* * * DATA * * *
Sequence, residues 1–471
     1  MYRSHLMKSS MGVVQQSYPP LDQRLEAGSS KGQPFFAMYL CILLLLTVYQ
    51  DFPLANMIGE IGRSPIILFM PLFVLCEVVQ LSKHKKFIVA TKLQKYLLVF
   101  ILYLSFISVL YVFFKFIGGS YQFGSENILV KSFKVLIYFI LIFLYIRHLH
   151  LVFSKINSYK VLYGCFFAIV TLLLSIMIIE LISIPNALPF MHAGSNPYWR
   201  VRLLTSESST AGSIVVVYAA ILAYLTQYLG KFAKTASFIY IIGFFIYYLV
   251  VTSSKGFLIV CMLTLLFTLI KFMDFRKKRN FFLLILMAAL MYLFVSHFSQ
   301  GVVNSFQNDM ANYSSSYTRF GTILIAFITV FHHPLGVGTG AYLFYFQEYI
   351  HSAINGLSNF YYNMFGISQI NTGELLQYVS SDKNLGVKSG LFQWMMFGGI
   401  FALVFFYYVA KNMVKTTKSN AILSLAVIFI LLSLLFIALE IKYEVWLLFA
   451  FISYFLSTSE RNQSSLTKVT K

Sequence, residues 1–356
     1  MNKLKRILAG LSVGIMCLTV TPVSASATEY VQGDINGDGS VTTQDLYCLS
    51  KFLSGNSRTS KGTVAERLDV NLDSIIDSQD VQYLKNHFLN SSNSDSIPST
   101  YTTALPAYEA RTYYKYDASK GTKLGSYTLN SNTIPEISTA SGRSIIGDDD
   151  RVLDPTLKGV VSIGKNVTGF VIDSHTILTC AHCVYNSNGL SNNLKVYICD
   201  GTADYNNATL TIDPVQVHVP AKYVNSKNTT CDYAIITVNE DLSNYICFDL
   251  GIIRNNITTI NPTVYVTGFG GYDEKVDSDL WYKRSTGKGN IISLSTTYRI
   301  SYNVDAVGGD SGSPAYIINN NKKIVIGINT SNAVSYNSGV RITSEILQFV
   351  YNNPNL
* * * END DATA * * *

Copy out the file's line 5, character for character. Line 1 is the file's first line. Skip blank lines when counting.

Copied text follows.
   151  LVFSKINSYK VLYGCFFAIV TLLLSIMIIE LISIPNALPF MHAGSNPYWR